Friday, June 10, 2011

Bugs in The Source Code

As a software developer by trade, I was already put off going in watching the recent sci-fi film Source Code simply because any writer/producer who would employ such a title for a film that has absolutely nothing to do with actual source code must not be very technologically inclined. What then, can be expected from the rest of the script? The sad reality is, a whole lot more fiction than science. Yet, the film is entertaining enough, and the idea original enough, that it deserves some credit to allow for movie goers enjoying it as a pure fantasy rather than the sci-fi thriller that it presumes to be.

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Let's face it, you can't say much about the plot of this film without spoiling a lot of the surprises that actually made it enjoyable, so I'm putting in the alert early. The main "bug" in that respect is the believability of the experimental technology that forms the film's backdrop. It is already stretching the imagination to think that one could read the mind of another living human being in such a way that you could view their memory like it was a video recorder, but that's nothing new to Hollywood sci-fi. Now try that with someone who's already died in a train accident. Take the dead person's brain and somehow create a virtual reality playback of the final minutes of the accident that you can interact with.
Has anyone left the room yet? Ok, now we find that this virtual reality playback machine allows you to see things that nobody actually witnessed and therefore would not be in the memory of the subject in question's brain to begin with. What a nifty technology, but there's one little problem: only another dead person can actually use it. Huh? Let's back up. The explanation is that it's not memory playback at all. The mind somehow accesses parallel realities for a brief period after death. It does this via some type of quantum bifurcation (yes, there are theories about such things - see Penrose's Orch-OR theory). As the inventor puts it, "Source code is not time travel, it is time re-assignment". So they somehow capture this capability from the accident victim's brain and then link it in to another almost dead person's brain, creating some sort of bridge. We're probably well into fantasy territory by now, but that's nothing compared to what happens at the end of the film. I'll leave that to whatever imagination you may have left by then.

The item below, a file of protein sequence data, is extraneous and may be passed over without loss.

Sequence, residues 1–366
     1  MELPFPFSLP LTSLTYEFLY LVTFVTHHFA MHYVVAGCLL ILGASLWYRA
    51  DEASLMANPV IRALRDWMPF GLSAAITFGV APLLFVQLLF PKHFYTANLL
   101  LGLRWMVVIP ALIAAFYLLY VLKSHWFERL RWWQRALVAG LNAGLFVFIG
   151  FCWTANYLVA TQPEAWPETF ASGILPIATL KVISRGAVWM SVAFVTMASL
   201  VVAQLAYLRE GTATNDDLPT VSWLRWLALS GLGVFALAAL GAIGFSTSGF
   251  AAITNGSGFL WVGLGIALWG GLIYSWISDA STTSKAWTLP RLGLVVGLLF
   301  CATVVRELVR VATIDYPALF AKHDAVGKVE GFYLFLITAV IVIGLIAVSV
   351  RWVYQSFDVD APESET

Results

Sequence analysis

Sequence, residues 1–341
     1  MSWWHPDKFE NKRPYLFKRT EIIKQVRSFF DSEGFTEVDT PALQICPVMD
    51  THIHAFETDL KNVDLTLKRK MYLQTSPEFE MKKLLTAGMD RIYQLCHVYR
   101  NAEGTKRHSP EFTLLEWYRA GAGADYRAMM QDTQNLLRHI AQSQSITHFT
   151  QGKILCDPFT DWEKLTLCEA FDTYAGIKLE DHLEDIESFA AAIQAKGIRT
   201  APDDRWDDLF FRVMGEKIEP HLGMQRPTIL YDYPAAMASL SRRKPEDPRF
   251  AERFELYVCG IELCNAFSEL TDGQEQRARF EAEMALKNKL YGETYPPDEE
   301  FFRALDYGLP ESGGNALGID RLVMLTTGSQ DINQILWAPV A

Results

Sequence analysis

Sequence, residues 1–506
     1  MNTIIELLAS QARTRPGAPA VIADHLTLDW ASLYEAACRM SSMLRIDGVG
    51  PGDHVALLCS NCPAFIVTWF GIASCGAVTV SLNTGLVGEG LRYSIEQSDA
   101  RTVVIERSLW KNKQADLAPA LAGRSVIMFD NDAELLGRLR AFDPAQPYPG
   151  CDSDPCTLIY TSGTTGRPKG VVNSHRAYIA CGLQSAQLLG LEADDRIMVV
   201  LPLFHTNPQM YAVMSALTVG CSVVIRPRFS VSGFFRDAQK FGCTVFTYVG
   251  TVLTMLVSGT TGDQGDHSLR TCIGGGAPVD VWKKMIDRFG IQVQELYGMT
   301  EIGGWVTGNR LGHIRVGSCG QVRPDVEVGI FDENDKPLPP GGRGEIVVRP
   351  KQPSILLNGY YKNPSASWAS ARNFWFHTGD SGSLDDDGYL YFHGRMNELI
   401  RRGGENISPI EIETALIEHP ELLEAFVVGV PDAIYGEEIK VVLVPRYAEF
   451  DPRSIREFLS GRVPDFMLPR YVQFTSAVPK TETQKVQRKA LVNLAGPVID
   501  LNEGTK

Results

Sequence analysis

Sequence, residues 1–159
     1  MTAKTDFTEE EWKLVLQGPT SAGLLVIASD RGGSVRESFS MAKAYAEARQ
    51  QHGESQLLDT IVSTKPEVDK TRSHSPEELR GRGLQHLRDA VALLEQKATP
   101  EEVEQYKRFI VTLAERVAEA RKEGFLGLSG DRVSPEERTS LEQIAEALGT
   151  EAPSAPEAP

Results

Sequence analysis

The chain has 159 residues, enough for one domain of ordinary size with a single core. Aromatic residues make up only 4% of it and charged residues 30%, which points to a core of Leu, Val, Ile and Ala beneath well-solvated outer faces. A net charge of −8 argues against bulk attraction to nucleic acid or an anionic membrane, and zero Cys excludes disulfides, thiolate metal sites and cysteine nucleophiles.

Now with all that off my chest, I will say that I did enjoy the movie. It is well directed, and the performances by Jake Gyllenhaal and Vera Farmiga (the operator named Goodwin, not the girlfriend), and the relationship that forms between them, are quite enjoyable. The suspense that is created is well crafted and almost non-stop, making it a fun thrill ride, which is fitting since most of the screen time is spent on a moving train. If you decide to see it, just sit back and enjoy the ride.

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